It is the middle of March and it smells like spring outside – the air is fresh and crisp and the sky is blue. In fact, it has been so nice that everyone is beginning to shed their heavy winter boots and coats just like a snake does its skin! Still, there is reason not to get overly excited. You see there is snow falling on a Great Horned Owl in a Bald Eagle nest in Kansas -at this very moment – in March. How crazy is that? We have been tricked before only to have a blizzard on 1 May.
Many people wait til the crocus push their beautiful buds up through the snow to even think about spring but, we don’t have any snow. So I am going to put my faith in the birds. The Canada geese and Bald Eagles are returning, there are amorous swans strutting about on some of the remaining ice on the river, and the number of photographs of song birds on the Manitoba Birding FB site is growing daily.
As it happens, I love raptors — you might have noticed. And that is what is keeping me awake late on St Patrick’s Day. The first two Peregrine Falcons have returned to Manitoba from their winter vacation!
Dennis Swayze caught Ella on the ledge of the scrape box at the Radisson Hotel in Winnipeg today. Welcome home, Ella. Ella is six years old. She hatched in Brandon in 2015 and is the daughter of Brooklyn and Hurricane.
Below is the picture from this morning’s streaming cam of Ella sitting on the ledge of the scrape box.
And, speaking of Hurricane (Ella’s mother), her current mate was spotted on the McKenzie Seeds Building this morning. His name is Wingo-Starr and the spotter got real curious as to why there were no pigeons on the building when they are always there – unless there is working being done on the roof or unauthorized visitors. The spotter was patient and got a full look at the leg band. Wingo-Starr was hatched in Moorhead and this is his third year in Brandon. Migrating is treacherous and there is a really bad storm system moving through the US right now. Let’s hope any migrating birds are hunkered down and safe.
The Peregrine Falcon Recovery Project began in Winnipeg in 1981. at that time four captive-bred falcons were obtained from the Canadian Wildlife Service’s breeding facility in Wainright, Alberta. It was not, however, until 1989 when everyone got really excited. The mated pair using the scrape box on top of the then Delta Hotel (now the Radisson) fledged four eyases. Four! These were the first documented fledglings in Manitoba in fifty years. Can you imagine the excitement and the tears?! Between 1981 and 2012 more than 200 peregrine eyases fledged from four different locations in Manitoba – Winnipeg, Brandon, Portage la Prairie, and Gimli. (I have not found an official count covering the last eight years but it is easy to imagine that the number would be more than 250). The birds are banded, thankfully. The Peregrine Recovery Project traces the birds and they know that those born in Manitoba now have territory of their own in Alberta, Saskatchewan, Manitoba as well as in the United States in Topeka, Kansas, Red Wing Minnesota, Grand Forks and Fargo North Dakota and Lincoln and Omaha, Nebraska. They have thrived!
Peregrine falcons are known as the stealth bombers of the sky. They are a specific ‘aerial’ predator. That means that they hunt their prey and capture them when in flight. They are the fastest raptor in the world being clocked at more than 390 kilometres per hour or 242 mph. They are about the size of a crow with very distinctive marking. You will never mistake one of these beautiful falcons for a Red Tailed Hawk. They have gorgeous steel blue-grey back plumage. They have a barred belly – very distinctive stripes with a black head. The adults have distinctive bright yellow around their eyes, talons, and beaks. Adults weight between 1-1.5 kg or 2.2 to 3.3 lbs. They have reverse sex dimorphism meaning that the female is larger than the male.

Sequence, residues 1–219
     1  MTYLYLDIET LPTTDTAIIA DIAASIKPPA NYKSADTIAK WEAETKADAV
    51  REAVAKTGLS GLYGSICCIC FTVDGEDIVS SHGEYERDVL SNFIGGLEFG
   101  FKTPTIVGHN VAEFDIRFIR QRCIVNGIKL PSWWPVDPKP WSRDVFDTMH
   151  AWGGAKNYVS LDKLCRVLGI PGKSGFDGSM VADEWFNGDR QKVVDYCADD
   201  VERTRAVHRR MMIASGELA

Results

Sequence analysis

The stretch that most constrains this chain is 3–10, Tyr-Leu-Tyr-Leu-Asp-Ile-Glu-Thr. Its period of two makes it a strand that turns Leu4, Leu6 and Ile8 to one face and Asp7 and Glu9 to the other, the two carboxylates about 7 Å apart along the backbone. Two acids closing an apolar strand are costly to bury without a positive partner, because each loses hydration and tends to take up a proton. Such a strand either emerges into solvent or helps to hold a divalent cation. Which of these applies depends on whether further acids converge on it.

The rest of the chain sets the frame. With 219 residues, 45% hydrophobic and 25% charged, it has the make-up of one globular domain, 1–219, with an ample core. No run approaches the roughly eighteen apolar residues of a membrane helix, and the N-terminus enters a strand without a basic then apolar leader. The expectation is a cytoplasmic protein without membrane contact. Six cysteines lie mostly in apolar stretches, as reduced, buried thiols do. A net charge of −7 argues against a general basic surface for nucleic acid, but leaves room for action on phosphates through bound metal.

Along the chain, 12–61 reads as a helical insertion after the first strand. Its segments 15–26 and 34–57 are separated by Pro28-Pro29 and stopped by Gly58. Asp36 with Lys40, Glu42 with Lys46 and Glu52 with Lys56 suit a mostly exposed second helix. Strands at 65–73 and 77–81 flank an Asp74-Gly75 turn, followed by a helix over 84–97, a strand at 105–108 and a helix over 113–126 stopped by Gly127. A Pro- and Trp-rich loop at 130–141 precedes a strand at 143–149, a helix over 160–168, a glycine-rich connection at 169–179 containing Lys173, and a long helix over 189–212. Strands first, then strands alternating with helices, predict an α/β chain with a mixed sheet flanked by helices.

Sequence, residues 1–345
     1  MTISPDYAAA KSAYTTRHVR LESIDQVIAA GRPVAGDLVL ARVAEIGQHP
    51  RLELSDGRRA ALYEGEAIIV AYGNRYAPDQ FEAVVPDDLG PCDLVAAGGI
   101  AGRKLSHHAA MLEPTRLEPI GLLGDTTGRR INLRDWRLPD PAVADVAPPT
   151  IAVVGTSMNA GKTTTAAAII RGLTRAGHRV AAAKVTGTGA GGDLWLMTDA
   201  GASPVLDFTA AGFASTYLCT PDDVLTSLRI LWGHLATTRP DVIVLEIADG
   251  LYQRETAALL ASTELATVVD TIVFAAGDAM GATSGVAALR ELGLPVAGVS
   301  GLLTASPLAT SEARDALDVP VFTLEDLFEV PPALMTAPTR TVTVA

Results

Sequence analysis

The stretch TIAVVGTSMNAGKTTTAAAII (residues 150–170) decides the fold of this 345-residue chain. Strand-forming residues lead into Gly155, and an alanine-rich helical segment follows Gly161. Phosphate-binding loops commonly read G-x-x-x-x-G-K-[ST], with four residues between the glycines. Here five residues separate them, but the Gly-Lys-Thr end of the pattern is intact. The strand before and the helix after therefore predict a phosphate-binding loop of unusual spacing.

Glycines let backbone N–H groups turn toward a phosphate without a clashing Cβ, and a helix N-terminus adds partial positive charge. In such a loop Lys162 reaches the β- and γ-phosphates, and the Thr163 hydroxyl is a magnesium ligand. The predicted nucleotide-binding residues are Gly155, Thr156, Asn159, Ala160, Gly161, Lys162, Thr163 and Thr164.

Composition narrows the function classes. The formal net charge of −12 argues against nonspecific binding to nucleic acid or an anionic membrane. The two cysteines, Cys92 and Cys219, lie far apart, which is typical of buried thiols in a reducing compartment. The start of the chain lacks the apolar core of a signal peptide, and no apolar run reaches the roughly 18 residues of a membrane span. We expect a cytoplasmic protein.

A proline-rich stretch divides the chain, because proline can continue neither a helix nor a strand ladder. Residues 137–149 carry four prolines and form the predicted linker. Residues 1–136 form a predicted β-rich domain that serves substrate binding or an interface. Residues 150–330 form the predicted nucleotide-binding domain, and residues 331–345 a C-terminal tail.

Females lay their eggs in a scrape box or on the side of a cliff or cave. There is no nest material like you might think of with a Bald Eagle or even songbirds. There is gravel or sand. The courting ritual consists of a circular dance in the scrape box between the male and female. The male does a kind of dance while scraping his feet on the box. Falcons are also known for fantastic aerial displays, as well as some acrobatics on ledges. There will be 2-4 eggs laid at intervals of forty-eight hours. Many sites say that it is 32 days from first egg to first hatch but several researchers are reporting 39 days from first egg to first hatch. Falcons tend to do hard incubation only after the second or third egg has been born. A good example of this was the 2020 season of the Collins Street Peregrines in downtown Melbourne, Australia. Because the delayed hard incubation, all three eyases were born within six hours. There was no sibling rivalry and the triplets fledged successfully. It was simply beautiful to watch.
And a quick update for 18 March 2021. Bad storms are in the United States and all of the nests could be impacted. The snow has stopped on the GHOW in Kansas but Clyde has brought Bonnie food for her and the owlets. It is raining at Duke Farms and unless the female has food hidden, that pantry is bare. I am beginning to think something has happened with the male there. Has anyone seen him? So far Legacy in Jacksonville has a great day but Jacksonville is set to get hit by the storms around 5pm today – that bad weather will hit Fort Myers (E17 and 18, Harriet and M15) and St Petersburg (Achieva Ospreys) earlier. Plus all of the nests – keep them all in your thoughts today.
Thank you for checking in. As always I am grateful to those providing the streaming cams and in Manitoba it is Shaw Cable linked up with the Peregrine Recovery Project. Stay safe everyone.